December 10, 2016

More U.S. troops to Syria - a showdown with the Turks?

Alleged US special operations forces in Syria

On December 10, U.S. Secretary of Defense Ashton Carter announced the deployment of an additional 200 American troops to support the impending attack on the self-proclaimed Islamic State capital city of al-Raqqah. The additional troops will bring the declared American troop level in Syria to 500. Their mission will remain the same, per Secretary Carter, to "recruit, organize, train and advise local Syrian Arab and Kurdish forces to fight" the Islamic State in Iraq and Syria (ISIS).

The "local Syrian Arab and Kurdish forces" Carter references are the Syrian Democratic Front (SDF). This group presents itself as Arab-Kurdish cooperation, and is an attempt to put to present a less-threatening image of Kurdish participation in the fight against ISIS.

Why is that necessary? The Turks are alarmed of even the merest hint of Kurdish nationalism or autonomy in either Syria or Iraq, believing any such movement will spill over into southern Turkey. That said, the Kurds comprise the bulk of the SDF and constitute the most effective force facing ISIS.

This announcement will not please the Turks, and not only for the reasons above. The Turks are supporting a Free Syrian Army (FSA) assault in northern Syrian called Operation Euphrates Shield (dara' al-furat) with air, armor, artillery and special operations forces. The operation - in conjunction with Kurdish-controlled areas on the border - has been successful in almost totally closing the Turkish frontier to ISIS, hurting the group's ability to bring in new recruits and supplies from Turkey.

The Turkish-supported FSA forces are making good progress, pushing southeast towards al-Raqqah. In the last few days, they have reached the ISIS-held city of al-Bab. But al-Bab is almost 100 miles from al-Raqqah - it will take weeks, possibly months for the FSA to reach and mount an attack on al-Raqqah. In contrast, the U.S.-backed SDF forces are within 25 miles of the ISIS capital.

It is Turkey's stated policy that al-Raqqah should be liberated by the FSA (with their support). They claim that to the residents of al-Raqqah, the SDF will be regarded as a Kurdish force despite the "SDF" designation and minor Arab participation. In essence, according to the FSA and Turks, the people will be trading one oppressor for another.

Although I have no direct evidence to refute this, my reading of what little uncensored information leaking out of al-Raqqah seems to indicate that the people of al-Raqqah are totally terrified by ISIS and would welcome any relief, hoping that even a Kurdish liberating force would be better than ISIS and at some point life would return to normal under a Syrian (read: Arab) government.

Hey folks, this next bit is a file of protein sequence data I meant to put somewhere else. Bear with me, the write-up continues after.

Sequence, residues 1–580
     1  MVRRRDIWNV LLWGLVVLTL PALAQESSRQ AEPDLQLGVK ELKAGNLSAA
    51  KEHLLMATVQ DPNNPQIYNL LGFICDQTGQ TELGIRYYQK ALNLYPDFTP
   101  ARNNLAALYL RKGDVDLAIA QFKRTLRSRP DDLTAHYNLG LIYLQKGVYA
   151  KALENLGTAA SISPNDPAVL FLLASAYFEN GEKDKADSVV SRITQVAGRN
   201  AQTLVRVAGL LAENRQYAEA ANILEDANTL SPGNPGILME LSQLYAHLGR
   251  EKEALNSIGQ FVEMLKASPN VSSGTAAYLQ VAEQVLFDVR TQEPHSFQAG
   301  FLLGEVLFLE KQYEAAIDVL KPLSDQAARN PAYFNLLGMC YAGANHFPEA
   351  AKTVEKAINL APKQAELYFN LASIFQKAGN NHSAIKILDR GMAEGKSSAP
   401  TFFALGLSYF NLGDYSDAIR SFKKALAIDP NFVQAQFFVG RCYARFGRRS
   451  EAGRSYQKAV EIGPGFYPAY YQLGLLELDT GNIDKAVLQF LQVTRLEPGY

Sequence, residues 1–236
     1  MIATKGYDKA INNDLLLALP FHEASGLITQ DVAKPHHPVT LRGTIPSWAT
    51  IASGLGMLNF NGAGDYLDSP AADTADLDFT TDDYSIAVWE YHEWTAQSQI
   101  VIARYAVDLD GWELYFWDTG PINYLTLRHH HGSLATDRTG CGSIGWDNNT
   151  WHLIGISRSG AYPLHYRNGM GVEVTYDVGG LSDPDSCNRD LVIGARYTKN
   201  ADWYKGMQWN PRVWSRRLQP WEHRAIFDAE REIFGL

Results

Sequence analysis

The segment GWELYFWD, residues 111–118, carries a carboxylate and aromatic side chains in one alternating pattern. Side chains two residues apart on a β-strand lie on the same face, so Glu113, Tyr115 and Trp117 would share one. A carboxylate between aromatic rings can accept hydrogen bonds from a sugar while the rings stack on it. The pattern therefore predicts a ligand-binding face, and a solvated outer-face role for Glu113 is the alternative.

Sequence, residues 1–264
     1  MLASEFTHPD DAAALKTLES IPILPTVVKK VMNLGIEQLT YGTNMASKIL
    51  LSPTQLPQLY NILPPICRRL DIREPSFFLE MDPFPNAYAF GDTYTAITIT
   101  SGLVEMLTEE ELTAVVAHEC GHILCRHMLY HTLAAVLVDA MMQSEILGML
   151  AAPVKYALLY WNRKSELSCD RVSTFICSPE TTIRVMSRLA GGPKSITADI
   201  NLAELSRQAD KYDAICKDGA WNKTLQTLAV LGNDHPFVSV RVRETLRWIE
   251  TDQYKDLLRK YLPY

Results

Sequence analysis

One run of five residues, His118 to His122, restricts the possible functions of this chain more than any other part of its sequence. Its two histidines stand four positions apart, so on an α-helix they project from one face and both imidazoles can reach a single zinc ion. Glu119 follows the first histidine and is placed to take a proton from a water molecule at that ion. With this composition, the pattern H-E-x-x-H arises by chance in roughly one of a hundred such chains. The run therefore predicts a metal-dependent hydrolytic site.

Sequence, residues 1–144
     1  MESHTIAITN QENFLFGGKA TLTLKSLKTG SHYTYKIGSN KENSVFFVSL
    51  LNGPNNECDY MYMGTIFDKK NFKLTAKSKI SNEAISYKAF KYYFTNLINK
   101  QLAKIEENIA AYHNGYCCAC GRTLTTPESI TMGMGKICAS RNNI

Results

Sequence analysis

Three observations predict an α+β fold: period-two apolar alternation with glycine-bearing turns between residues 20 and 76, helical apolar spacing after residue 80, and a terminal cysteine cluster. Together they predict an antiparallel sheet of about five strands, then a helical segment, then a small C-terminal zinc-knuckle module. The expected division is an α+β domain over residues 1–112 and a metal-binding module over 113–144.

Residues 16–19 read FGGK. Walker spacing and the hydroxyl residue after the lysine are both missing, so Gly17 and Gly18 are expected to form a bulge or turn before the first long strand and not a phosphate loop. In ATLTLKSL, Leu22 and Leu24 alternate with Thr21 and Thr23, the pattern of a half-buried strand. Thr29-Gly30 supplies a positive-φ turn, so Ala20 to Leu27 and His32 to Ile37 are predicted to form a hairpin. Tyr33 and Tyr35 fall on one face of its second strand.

It appears from Secretary Carter's announcement that the United States will increase its support to the SDF, that we won't wait for the Turkish-supported FSA to reach al-Raqqah and possibly urge the SDF to move on the city in the near future.

In October, the commander of Combined Joint Task Force-Operation Inherent Resolve said there are threats to the United States in planning in al-Raqqah and that time is of the essence.

I wrote at the time, "The timing, according to U.S. Army Lieutenant General Stephen Townsend, is being driven by planning and potential execution of terror attacks against Western targets emanating from the ISIS "capital" and main operations center. The general did not name a specific threat or target." (For the complete article, see The coming assault on al-Raqqah - a political minefield.)

If General Townsend is correct and the timeline to mount an assault on al-Raqqah is short, these additional American forces will be welcome. Although 200 troops - even the final number of 500 troops in Syria - does not sound like a lot, they bring special capabilities to the effort. Rather than being direct action forces, although they have conducted such missions, they are true "force multipliers," leveraging American air power, intelligence and logistics in support of the very effective Kurdish-dominant SDF.

The problem with a decision to move ahead of the arrival of the Turkish-backed FSA Euphrates Shield force is that it will alienate Turkey, a NATO ally. However, if there is a major threat to Western targets, waiting for the FSA to reach al-Raqqah is not an option.

The Turks will have to understand that this is not about them, or the Kurds - it is about our own security.